• "far easier to get into in terms of functionality and interface than anything found on the PC to this day."

          What games are you playing? Name one PC FPS that needs a subscription to play online.
        • You're right. You know why?

          PC games don't assume you're retarded. They assume you can learn a little something about servers and ping times.

          At least the other things that make Halo so accessible to morons don't get in the way. The constant "Press Y to dual-wield" messages don't prevent me from just holding Y as I run over the weapon. But the multiplayer element makes it impossible for me to find and remember specific servers, or find a server playing a specific map, or to find a group of people playing
          • You make some valid points. But what makes Xbox Live for me is the friends list. I can just login, see what my friends are playing and decide to join them if I want. Most of the time that negates the need for a specific serer playing a specific map, since you can choose in custom games, and so on. Voice communication is built right in to boot, so you don't have to run separate programs like Ventrillo, get everyone on board and setup servers for that.

            I generally don't like playing with random people I don'

      • Hey, don't forget Perfect Dark! It took everything that made Goldeneye the best FPS of its time, and improved on it vastly; Counter-Operative mode, anyone? (why the hell was that mode not copied by every FPS developers on the planet?! HOURS of replayable fun!) and the plethora of types of multiplayer simulants was excellent! AND i think it's still the only FPS where you could choose where each weapon appeared on each map. Fantastic! Ahhh, those were the days :-(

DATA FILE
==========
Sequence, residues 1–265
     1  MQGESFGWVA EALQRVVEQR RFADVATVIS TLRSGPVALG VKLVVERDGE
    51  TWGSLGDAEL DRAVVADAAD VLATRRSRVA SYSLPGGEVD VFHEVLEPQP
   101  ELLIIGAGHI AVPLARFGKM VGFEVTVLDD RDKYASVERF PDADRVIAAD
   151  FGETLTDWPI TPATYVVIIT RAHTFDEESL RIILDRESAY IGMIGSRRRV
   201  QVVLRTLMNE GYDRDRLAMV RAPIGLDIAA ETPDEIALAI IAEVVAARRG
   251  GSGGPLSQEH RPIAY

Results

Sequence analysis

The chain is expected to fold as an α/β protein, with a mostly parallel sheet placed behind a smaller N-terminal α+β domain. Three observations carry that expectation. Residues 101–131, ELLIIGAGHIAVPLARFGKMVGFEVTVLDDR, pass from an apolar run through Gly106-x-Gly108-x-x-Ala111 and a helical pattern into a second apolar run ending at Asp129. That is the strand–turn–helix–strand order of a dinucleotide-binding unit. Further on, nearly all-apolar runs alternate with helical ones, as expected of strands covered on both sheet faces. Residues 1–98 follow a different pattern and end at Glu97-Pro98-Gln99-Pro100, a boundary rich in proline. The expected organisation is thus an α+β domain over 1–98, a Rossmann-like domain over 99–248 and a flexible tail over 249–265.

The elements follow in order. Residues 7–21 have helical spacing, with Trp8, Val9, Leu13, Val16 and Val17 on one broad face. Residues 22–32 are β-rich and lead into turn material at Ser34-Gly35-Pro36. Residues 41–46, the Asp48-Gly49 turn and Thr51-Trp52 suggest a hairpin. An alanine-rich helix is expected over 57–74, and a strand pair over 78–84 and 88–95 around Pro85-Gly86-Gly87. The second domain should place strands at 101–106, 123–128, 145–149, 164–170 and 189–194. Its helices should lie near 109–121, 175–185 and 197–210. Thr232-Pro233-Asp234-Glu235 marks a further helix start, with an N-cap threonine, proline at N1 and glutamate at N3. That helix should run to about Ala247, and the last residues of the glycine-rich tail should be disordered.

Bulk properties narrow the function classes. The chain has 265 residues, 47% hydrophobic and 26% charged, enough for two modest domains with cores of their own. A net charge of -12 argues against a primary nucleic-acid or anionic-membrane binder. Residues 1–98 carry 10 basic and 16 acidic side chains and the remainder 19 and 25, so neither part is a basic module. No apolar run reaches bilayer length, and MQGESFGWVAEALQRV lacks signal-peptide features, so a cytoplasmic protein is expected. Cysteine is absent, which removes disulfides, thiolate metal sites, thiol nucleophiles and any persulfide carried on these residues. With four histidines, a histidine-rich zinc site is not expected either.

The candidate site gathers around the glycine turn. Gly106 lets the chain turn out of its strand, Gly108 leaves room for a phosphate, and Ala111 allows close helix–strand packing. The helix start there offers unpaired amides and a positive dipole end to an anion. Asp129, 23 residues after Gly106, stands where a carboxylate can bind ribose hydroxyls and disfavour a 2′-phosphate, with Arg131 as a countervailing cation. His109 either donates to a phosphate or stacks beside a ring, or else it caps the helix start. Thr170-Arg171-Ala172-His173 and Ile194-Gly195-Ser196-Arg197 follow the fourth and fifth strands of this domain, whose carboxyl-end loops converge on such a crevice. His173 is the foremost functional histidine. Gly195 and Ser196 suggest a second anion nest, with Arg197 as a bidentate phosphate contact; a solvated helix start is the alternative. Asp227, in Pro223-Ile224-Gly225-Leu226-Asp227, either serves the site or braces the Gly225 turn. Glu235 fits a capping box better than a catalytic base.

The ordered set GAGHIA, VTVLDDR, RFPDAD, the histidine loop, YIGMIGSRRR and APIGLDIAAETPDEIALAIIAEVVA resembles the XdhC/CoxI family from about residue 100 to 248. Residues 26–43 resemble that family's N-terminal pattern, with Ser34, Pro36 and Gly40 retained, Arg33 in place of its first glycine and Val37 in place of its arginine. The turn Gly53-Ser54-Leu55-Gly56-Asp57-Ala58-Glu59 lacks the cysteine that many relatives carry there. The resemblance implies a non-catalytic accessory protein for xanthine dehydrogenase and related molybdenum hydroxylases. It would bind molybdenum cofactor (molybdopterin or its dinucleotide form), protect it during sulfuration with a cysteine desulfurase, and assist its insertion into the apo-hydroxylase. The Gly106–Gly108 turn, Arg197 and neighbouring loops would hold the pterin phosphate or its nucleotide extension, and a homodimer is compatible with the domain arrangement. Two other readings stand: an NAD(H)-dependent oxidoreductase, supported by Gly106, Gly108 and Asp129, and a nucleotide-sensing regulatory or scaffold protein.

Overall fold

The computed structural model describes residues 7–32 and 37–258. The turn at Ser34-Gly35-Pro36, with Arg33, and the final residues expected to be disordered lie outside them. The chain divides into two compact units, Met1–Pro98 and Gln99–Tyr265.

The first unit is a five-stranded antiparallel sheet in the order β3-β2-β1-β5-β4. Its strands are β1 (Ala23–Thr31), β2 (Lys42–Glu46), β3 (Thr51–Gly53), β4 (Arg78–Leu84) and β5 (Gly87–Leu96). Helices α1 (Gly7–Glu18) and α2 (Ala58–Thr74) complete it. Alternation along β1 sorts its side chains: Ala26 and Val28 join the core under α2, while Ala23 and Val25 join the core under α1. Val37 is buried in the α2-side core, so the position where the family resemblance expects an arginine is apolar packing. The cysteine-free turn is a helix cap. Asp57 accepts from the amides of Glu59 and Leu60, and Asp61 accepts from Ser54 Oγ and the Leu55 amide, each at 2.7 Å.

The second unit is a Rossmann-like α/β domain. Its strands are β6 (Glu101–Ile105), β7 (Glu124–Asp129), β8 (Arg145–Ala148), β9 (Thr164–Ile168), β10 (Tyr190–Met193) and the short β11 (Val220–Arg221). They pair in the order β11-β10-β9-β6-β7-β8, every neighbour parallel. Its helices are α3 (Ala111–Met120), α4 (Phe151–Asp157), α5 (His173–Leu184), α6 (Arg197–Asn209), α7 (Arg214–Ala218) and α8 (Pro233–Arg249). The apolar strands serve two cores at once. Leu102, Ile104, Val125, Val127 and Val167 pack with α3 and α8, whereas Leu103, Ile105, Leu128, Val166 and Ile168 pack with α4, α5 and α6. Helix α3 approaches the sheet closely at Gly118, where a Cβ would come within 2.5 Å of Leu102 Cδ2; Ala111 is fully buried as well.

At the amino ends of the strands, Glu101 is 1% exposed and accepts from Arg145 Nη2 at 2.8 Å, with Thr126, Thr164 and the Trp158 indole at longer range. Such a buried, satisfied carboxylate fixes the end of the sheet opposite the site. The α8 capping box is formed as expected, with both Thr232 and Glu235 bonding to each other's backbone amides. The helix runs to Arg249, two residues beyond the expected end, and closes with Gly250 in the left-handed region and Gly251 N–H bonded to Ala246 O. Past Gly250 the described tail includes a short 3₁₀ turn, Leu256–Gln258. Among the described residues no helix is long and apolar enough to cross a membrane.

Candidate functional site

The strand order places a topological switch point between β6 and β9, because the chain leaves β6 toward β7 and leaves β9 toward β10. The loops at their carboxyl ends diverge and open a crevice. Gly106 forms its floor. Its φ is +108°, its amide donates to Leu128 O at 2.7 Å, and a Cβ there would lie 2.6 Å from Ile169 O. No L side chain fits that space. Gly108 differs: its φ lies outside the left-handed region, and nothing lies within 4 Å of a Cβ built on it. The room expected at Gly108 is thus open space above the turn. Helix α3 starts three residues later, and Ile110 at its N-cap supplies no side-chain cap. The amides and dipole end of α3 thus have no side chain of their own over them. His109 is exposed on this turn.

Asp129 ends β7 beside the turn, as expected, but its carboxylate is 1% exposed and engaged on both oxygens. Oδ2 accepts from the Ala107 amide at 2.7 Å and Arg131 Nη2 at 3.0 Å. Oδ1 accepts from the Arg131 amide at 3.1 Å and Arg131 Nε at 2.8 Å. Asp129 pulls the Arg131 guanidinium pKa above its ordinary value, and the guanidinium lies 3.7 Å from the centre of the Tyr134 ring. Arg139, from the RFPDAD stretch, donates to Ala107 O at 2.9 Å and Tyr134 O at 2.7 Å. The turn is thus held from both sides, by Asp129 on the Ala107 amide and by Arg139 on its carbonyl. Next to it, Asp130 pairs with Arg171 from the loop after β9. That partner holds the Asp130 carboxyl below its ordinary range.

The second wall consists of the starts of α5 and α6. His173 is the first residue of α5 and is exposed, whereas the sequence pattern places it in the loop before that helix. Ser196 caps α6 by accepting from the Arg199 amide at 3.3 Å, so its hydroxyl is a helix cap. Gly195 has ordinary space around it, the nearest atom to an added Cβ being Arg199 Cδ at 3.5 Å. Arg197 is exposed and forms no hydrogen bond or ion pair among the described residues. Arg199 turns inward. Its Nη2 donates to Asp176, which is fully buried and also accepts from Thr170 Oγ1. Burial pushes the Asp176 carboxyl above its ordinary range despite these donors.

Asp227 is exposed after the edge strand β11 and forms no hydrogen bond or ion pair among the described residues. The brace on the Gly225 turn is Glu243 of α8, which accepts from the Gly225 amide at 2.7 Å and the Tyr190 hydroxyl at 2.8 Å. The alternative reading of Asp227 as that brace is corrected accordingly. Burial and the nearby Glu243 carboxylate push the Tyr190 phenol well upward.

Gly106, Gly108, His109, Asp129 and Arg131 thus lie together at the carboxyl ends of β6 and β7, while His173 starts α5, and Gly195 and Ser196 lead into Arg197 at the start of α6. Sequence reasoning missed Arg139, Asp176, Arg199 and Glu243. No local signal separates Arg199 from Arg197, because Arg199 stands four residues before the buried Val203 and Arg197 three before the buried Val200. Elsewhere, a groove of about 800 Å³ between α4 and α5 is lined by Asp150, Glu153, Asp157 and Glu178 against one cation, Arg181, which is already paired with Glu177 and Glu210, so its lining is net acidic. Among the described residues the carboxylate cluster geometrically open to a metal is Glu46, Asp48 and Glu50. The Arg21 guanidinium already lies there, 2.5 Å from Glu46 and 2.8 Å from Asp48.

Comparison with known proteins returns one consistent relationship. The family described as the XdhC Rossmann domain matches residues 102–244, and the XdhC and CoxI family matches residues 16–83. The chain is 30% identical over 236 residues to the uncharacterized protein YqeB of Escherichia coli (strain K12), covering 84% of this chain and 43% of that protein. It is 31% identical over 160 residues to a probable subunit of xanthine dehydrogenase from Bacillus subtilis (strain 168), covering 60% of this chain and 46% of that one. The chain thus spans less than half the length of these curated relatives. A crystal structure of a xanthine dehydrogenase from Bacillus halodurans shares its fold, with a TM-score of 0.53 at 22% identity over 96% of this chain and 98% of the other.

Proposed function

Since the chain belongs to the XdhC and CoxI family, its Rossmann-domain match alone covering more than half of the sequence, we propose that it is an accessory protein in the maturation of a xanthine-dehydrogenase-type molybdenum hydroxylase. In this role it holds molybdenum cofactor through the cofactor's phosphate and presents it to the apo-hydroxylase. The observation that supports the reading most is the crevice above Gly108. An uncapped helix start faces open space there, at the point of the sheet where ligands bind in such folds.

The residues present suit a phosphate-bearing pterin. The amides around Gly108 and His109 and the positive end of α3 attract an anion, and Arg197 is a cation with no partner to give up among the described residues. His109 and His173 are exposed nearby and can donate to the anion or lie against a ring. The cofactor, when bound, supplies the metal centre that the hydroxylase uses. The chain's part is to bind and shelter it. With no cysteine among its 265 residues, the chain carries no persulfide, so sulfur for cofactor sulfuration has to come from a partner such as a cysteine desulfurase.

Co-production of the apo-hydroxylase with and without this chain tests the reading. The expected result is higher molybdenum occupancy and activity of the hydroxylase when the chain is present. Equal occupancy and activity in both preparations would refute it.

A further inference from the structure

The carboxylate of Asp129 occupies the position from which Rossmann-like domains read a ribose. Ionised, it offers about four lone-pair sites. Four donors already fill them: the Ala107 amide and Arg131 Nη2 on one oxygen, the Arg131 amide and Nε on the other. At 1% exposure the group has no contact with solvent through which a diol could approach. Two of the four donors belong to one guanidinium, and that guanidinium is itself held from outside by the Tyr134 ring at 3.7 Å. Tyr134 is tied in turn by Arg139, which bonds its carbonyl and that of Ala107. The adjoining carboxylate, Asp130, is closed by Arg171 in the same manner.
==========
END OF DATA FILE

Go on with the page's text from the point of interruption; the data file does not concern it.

I agree, Halo 2's online play was amazing fu

    • You didn't really miss much. unless you look at what HALO was supposed to be. To quote myself from another article:

      Halo is a PC game. It was designed to be a PC game and the original version always will be an unfinished PC game. Bungy made it, and they made it great.

      Unforunately, not long before the game was ready, Microsoft bought Bungie studios and shelved Halo. They then ported whatever they could from the carcass to the then new XBox just in time for a Christmas release. Thus Halo/XBox was born.

      A few
      • Bungie stated out time and again that Microsoft didn't affect Halo's development, but somehow the message never seems to get through.

        Halo started life as a new map renderer for Myth, and then Bungie decided that they could try large-scale cooperative games. After developing down that path for a while, they shifted focus to a single-player game with online matches similar to Marathon. The reasons I recall from that time were around development and game focus. Bungie was strapped for cash, so they looked arou
        • Bungie stated out time and again that Microsoft didn't affect Halo's development, but somehow the message never seems to get through.

          You're kidding, right? A Microsoft department says that nothing has changed now that they are owned by Microsoft? What else did you expect them to say? "Our dictators have screwed us over and changed everything, now can we have a raise?". Do you really believe Bungie was developing Halo with the XBox in mind?

          If Halo would have been such an amazing game, why didn't Microsof
          • The 'original game' was never made. We only ever saw tech demos, and they were all single-player. The idea of a huge co-op game was put out there, but never implemented by Bungie because they changed direction.

            I think you're letting the conspiracy theory get out of hand. The game that was released is all that ever will be released for Halo, and from Bungie's own people, even those who left the company it was a Bungie decision to make the game what it was. Microsoft don't control these people, so why are the
            • And poor quality of the PC version? The X-Box uses 640x480 graphics, doesn't it? The PC version can easily scale to 1600x1200 on good hardware, and the image quality...

              You completely missed the point. It's not that the PC version is crap, it's that it's crap for the system requirements. The xbox is a dumbed down PC, if I remember, it's a 700 mhz, 64-meg box. So why does the PC version require so much more than that?

              The reason we want the original (intended) PC version is that it wouldn't suck as much as